Letters to the Boston editor, July 17, 2009
How can Dan Kennedy pick a list of people who trample freedom of expression without listing the mayor of Boston? Whether I agree or disagree with Kevin McCrea, Michael Flaherty, or Sam Yoon, I give them all the credit in the world for having the stones to run for mayor — and in the case of Yoon and Flaherty for giving up their “safe” seats in the City Council. Together, with McCrea, they have put in their time, effort, and own money in their chase to unseat the incumbent. It’s bad enough to have a mayor who thinks Dewey Square is named for Huey and Louie’s brother, but for Mayor Stonewall to repeatedly deny these people the right to debate the incumbent because he’s scared to stand, sit, or squat on his record is an utter disgrace. If that’s not trampling on their rights to be heard and a muzzling of their voices, I don’t know what is.
Dan Kennedy includes “free-speech stories in New England” compiled by (among other sources) “the American Civil Liberties Union (ACLU).” The subtitle is in part “a look at the dishonorable enemies of free speech and personal liberty in New England.” Why did this prominent media critic fail to reveal that the ACLU itself is censoring stories, expression, and speech by its own board members?
No recent phenomenon, this year national ACLU board member Wendy Kaminer published Worst Instincts about this multi-year abomination. It is a sign of the times that the ACLU is censoring speech and media critics omit reporting the fact.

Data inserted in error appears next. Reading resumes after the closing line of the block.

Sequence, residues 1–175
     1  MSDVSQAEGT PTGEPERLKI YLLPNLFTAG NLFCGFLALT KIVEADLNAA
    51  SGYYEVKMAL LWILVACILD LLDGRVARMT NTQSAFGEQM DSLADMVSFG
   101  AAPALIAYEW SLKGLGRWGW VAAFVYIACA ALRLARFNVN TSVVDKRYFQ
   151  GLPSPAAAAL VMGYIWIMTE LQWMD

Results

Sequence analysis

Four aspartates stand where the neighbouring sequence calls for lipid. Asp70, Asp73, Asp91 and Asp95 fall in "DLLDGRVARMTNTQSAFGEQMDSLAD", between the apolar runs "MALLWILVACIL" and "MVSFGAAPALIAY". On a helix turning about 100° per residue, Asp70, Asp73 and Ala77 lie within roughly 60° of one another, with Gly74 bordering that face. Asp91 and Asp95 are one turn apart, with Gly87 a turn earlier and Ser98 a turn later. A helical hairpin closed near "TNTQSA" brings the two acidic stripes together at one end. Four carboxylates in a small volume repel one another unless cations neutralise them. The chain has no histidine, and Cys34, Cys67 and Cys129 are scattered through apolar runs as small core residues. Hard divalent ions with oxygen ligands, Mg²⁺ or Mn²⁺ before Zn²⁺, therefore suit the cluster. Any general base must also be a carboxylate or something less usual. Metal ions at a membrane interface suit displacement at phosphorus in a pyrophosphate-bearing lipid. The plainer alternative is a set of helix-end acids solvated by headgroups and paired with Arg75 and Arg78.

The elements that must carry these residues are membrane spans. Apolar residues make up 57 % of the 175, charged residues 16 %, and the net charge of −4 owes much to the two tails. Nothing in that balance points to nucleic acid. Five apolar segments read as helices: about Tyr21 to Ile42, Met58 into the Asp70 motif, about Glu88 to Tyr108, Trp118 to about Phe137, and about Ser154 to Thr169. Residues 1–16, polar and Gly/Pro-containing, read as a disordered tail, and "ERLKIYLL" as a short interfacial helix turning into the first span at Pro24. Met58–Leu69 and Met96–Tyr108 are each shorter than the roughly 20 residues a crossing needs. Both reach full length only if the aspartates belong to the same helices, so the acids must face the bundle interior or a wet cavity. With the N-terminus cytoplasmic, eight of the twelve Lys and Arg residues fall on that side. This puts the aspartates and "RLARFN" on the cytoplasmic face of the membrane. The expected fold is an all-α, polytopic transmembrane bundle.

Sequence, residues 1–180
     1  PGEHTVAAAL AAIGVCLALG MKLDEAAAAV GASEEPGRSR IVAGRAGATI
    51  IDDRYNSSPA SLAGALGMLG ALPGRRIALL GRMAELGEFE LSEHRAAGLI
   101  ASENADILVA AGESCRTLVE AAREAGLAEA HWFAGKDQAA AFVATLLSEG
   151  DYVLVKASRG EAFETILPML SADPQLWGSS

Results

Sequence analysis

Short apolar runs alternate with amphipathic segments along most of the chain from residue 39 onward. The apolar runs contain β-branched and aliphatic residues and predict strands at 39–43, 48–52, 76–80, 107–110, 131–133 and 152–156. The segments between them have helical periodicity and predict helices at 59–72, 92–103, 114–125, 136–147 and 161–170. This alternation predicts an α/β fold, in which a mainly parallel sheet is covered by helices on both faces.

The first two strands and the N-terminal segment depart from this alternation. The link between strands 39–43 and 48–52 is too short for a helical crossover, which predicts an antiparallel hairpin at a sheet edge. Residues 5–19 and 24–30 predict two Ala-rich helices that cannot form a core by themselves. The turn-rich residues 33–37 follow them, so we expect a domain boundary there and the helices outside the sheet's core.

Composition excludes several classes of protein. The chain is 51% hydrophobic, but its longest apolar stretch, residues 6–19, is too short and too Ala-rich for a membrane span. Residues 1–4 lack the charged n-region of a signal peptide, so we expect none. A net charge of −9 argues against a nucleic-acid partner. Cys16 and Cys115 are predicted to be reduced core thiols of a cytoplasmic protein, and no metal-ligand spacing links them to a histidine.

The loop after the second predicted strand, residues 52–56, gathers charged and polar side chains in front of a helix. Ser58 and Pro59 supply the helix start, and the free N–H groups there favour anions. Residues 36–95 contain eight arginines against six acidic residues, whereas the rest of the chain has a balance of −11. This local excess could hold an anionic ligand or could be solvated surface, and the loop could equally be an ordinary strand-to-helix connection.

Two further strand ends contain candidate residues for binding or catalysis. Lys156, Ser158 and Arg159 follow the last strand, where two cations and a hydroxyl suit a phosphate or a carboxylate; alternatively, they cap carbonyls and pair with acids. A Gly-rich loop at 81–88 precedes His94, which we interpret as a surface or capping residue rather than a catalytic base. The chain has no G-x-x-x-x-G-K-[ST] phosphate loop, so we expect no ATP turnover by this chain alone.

Furthermore, in the Boston Police award Kennedy states: “The arrest [of Shepard Fairey] was clearly a publicity stunt, based on old warrants.” This is spinning the facts. Police in most jurisdictions do not chase down suspects for outstanding warrants. When a suspect is stopped by an officer, or if the suspect files a complaint with the police — e.g., they check for outstanding warrants. In this case, Fairey became an object of police attention due to the publicity of the suspect. Clearly this is a deceptive statement by Kennedy.
Signs of the political times
Regarding your article “Asians for Yoon — or Maybe the Other Guy(s)”: I have seen a number of places that used to have one Yoon sign and now have three or four Menino signs. It’s pretty obvious some muscle was put into that. I’ve also noticed a number of Yoon and Flaherty’s signs coming down — and Menino signs put up in their place. Maybe our thin-skinned mayor really can’t stand the heat. It’s obvious he’s not a fan of debates, competition, or criticism.
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